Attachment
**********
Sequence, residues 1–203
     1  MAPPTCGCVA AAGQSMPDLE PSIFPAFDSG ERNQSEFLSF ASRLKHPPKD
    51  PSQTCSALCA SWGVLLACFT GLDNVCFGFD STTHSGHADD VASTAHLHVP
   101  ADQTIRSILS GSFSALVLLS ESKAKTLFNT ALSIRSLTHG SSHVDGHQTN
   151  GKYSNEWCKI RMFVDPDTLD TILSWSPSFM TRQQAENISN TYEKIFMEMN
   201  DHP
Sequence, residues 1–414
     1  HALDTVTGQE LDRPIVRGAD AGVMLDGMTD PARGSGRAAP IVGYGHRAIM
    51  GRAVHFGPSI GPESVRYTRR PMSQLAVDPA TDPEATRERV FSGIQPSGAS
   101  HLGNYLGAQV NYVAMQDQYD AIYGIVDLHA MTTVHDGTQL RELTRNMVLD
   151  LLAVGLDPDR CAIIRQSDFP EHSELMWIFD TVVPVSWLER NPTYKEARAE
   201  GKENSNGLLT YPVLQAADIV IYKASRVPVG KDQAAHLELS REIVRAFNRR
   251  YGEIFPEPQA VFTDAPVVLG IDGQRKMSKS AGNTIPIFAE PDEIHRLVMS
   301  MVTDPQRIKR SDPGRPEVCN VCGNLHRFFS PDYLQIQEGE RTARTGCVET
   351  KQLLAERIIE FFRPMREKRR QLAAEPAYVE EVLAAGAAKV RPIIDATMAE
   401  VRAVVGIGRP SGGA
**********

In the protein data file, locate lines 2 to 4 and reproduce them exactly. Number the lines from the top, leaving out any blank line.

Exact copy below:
     1  MAPPTCGCVA AAGQSMPDLE PSIFPAFDSG ERNQSEFLSF ASRLKHPPKD
    51  PSQTCSALCA SWGVLLACFT GLDNVCFGFD STTHSGHADD VASTAHLHVP
   101  ADQTIRSILS GSFSALVLLS ESKAKTLFNT ALSIRSLTHG SSHVDGHQTN